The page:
Australian native bees

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Australian Blue Banded Bee Amegilla spp.
Australian Sugarbag Bee Tetragonula carbonaria
Cloak and dagger cuckoo bee Thyreus spp.
The entry and exit spout of a native bee hive forming in the brickwork of a house in Darwin, Australia
Native bees forming a hive in the brickwork of a house in Darwin, Australia

Australia has over 1,700 species of native bee.[1] Bees collect pollen from flowers to feed their young. Wasps and flies do not do this, although they may be seen eating pollen, so identification is not always easy.

Sting or no sting, solitary vs social[edit]

Eleven of the species, the social native bees, are in two genera, Tetragonula[2] and Austroplebeia, and have no sting.[3]

Of the remainder, which live solitary lives, none are aggressive, and most cannot actually use their sting on humans because they are too small to do so. Larger examples of Australian native bee are capable of stinging if handled or squashed.

The stings of most Australian native species of bee will cause relatively minor discomfort to most people -- "not as painful as those of a bull ant or paper wasp and last only a few minutes". However, they may sting more than once, and can cause an allergic reaction—increasing effect associated with repeated exposure to the antigen.


None of the native species of bee in Australia are true honey bees, which are native to Europe, Asia and Africa. Social species of native bees do produce honey, but not much, as they are relatively primitive bee species. In cool-climate areas of Australia, all the honey the bees produce is needed by the swarm to live through winter.[citation needed]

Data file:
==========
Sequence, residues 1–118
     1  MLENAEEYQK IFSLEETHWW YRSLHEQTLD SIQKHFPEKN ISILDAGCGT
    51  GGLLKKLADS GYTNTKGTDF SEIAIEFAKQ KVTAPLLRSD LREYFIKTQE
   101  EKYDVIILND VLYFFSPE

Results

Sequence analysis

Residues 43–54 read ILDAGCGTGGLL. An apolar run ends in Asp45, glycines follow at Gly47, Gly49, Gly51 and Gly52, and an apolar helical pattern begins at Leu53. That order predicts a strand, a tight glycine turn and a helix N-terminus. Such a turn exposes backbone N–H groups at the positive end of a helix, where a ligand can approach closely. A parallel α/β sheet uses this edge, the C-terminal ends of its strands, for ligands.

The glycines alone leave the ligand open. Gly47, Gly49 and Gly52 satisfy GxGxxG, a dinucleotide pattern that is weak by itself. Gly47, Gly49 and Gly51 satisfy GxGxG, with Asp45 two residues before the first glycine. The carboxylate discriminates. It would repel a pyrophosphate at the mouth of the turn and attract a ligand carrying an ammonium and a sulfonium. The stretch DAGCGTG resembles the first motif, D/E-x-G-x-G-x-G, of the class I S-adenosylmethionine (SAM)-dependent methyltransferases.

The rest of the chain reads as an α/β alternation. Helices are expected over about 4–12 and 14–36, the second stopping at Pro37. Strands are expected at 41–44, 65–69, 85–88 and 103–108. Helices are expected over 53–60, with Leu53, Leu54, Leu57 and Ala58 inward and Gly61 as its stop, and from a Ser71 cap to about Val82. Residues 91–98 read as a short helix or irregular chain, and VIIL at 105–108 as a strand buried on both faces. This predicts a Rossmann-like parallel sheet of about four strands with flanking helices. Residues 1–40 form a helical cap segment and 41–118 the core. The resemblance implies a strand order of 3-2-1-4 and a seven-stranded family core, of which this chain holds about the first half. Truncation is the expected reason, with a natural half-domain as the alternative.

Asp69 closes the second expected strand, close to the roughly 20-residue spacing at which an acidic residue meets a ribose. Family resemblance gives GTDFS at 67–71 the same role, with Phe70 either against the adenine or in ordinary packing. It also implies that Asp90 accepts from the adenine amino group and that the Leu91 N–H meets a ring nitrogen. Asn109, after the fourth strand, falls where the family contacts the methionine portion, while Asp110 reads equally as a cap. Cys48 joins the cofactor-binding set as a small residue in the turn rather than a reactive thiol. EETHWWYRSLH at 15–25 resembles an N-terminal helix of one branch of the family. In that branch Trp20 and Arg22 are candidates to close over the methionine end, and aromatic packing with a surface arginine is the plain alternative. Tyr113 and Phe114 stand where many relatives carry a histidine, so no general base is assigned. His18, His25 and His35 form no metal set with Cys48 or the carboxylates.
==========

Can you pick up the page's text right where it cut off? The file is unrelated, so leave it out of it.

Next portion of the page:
Collecting honey from Australian native bee nests can cause many of the bees to drown in spilt honey. The honey is tangy in comparison with commercial honey taken from the European honey bee. The bees store their honey in "small resinous pots which look like bunches of grapes".[citation needed]


The different species of Australian native bee have different habits and preferences in gathering pollen, so different species are better pollinators of a given plant than other species. Research is currently underway into use of Amegilla ("blue-banded bees") for use in pollinating hydroponic tomatoes, while some hydroponic growers are petitioning for introduction to the Australian mainland of the European bumblebee, Bombus terrestris—the island continent Australia has a history of sensationally poor outcomes from introduced species, the most famous example being that of the cane toad Bufo marinus—so the question of use of native vs introduced bees for pollination in Australia is controversial.[4]

Western Australian native bees[edit]

Approximately 800 species of native bee occur in Western Australia, and many of them are endemic. Like all bees, native Australian bees are a type of specialised wasp that has evolved to vegetarianism. They feed on nectar, but it is the female native Australian bee that will thicken the nectar to make honey before taking it back to the nest. Australian bees are mostly solitary insects. A female bee will build a nest with the aid of "workers". Native Australian bees face many threats, particularly from parasitic insects such as some wasps, flies and beetles.[5]

See also[edit]


  1. ^ "Common Questions about Australian Native Bees". Retrieved 2016-08-22.
  2. ^ "Tetragonula: a new name for our bees". Retrieved 2016-08-22.
  3. ^ "Common Questions about Australian Native Bees". Retrieved 2016-08-22.
  4. ^ "Help stop the importation of European bumblebees!". 2008-10-26. Retrieved 2016-08-22.
  5. ^ "Native Bees". Western Australian Museum. Retrieved 2016-08-22.

External links[edit]